Eurasian Farming Started Earlier Than Believed
Ancient central Asian sheepherders played a significant role in the early spread of domesticated crops, new findings suggest.
Researchers at Washington University in St. Louis recently found 5,000-year-old grains of charred barley, millet and wheat at campsites in the high plains of Kazakhstan. The findings suggest that these strains of ancient grains and peas had made their way across Eurasia thousands of years earlier than previously believed.
Researchers said the latest findings show that nomadic herders played a surprisingly important role in agriculture throughout a mountainous east-west corridor along the historic Silk Road.
"Our findings indicate that ancient nomadic pastoralists were key players in an east-west network that linked innovations and commodities between present-day China and southwest Asia," study co-author Michael Frachetti, PhD, an associate professor of archaeology in Arts & Sciences at Washington University and principal investigator on the research project, said in a university release.
"Ancient wheat and broomcorn millet, recovered in nomadic campsites in Kazakhstan, show that prehistoric herders in Central Eurasia had incorporated both regional crops into their economy and rituals nearly 5,000 years ago, pushing back the chronology of interaction along the territory of the 'Silk Road' more than 2,000 years," Frachetti added.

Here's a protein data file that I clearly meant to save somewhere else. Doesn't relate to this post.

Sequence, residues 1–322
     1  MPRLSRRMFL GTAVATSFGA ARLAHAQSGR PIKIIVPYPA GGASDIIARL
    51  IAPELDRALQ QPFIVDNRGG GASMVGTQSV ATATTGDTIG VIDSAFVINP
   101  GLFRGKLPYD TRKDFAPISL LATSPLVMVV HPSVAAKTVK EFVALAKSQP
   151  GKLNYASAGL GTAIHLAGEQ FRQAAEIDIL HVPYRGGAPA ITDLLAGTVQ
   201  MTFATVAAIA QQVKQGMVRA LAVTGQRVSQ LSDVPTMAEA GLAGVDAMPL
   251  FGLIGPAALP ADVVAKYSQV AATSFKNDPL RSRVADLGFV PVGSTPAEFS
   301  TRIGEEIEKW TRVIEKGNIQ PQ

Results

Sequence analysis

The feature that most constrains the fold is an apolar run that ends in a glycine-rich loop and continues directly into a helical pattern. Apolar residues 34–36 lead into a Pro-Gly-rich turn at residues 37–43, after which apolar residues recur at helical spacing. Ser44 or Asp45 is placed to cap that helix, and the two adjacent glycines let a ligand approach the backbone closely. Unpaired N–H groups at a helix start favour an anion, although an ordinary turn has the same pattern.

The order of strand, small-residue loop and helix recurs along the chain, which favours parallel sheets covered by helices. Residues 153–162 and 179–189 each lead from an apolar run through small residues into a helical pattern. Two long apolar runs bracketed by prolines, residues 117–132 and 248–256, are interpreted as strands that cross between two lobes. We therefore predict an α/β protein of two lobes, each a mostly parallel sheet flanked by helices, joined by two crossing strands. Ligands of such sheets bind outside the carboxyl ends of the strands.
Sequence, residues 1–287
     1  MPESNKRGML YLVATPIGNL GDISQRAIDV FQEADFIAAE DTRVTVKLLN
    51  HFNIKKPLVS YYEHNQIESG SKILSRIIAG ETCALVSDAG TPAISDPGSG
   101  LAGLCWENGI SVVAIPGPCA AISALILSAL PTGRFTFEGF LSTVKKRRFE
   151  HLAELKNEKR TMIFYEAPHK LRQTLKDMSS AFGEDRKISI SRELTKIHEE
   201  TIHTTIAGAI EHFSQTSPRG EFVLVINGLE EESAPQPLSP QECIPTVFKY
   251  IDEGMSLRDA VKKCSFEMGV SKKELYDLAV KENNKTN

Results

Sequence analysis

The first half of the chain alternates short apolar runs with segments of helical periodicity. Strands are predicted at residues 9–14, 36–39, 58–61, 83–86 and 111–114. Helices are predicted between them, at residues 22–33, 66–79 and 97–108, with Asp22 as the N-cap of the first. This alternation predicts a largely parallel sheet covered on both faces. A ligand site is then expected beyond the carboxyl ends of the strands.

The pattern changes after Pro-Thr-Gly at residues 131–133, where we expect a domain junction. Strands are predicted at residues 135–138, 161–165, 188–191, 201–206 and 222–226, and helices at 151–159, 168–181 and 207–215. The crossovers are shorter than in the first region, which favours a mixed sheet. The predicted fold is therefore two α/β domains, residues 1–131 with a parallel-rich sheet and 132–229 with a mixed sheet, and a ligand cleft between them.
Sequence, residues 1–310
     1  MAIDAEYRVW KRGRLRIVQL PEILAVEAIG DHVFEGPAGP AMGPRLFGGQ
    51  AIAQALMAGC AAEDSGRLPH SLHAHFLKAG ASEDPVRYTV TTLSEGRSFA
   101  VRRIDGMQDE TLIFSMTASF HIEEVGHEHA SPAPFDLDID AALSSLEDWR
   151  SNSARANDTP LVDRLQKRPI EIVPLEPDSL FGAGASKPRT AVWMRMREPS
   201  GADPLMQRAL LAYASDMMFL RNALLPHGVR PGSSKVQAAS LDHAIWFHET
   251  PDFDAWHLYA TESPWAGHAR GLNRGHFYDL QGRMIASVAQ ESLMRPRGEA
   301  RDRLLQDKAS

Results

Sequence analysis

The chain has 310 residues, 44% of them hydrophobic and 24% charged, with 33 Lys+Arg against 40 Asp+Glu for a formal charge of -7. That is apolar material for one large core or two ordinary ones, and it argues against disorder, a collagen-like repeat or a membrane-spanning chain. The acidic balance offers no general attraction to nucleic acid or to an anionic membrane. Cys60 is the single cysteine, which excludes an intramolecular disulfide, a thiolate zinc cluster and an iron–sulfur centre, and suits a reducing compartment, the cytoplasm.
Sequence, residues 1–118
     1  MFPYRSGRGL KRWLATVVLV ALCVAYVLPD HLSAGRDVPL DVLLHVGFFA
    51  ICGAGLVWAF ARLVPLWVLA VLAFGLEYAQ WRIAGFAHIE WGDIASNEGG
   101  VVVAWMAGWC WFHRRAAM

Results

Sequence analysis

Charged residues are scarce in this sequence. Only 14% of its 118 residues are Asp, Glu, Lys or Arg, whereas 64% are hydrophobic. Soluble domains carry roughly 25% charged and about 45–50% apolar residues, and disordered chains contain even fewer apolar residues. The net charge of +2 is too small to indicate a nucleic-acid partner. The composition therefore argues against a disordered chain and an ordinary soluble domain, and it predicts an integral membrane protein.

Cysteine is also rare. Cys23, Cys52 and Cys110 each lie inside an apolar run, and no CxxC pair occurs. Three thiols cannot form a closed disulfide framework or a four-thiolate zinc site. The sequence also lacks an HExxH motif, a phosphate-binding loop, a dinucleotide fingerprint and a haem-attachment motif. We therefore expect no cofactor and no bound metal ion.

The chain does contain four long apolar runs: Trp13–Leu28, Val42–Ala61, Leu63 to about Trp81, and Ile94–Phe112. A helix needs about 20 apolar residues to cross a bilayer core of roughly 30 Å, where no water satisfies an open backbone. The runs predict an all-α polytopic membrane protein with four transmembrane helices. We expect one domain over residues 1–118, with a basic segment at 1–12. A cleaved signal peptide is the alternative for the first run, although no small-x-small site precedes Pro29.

While the ancient grains and peas documented in the study have been known to exist much earlier in ancient China and Southwest Asia, their existence in the Bronze Age burials and households of nomadic pastoralists provides some of the earliest concrete evidence for east-west interaction in the Eurasian mountains and the first botanical evidence for agriculture among Bronze Age nomads.
Researchers said that bread wheat was farmed at least 6,000 years ago in Southwest Asia, but was absent in China before 2,500 B.C. However, broomcorn millet was domesticated 8,000 years ago in China, and wasn't found in southwest Asian before 2,000 B.C. The latest study suggest that ancient grains from eastern China and southwest Asia had made their way to Kazakhstan in the center of the continent by 2,700-2,500 B.C.- which was nearly 5,000 years ago.
"This study starts to rewrite the model for economic change across Eurasia," first author Robert Spengler, PhD, a paleoethnobotanist and research associate in Arts & Sciences at WUSTL, said in a news release. "It illustrates that nomads had diverse economic systems and were important for reshaping economic spheres more generally."
"Finding this diverse crop assemblage at Tasbas and Begash illustrates first evidence for the westward spread of East Asian and Southwest Asian crops eastward, and the surprise is that it is nomads who are the agents of change," Frachetti added.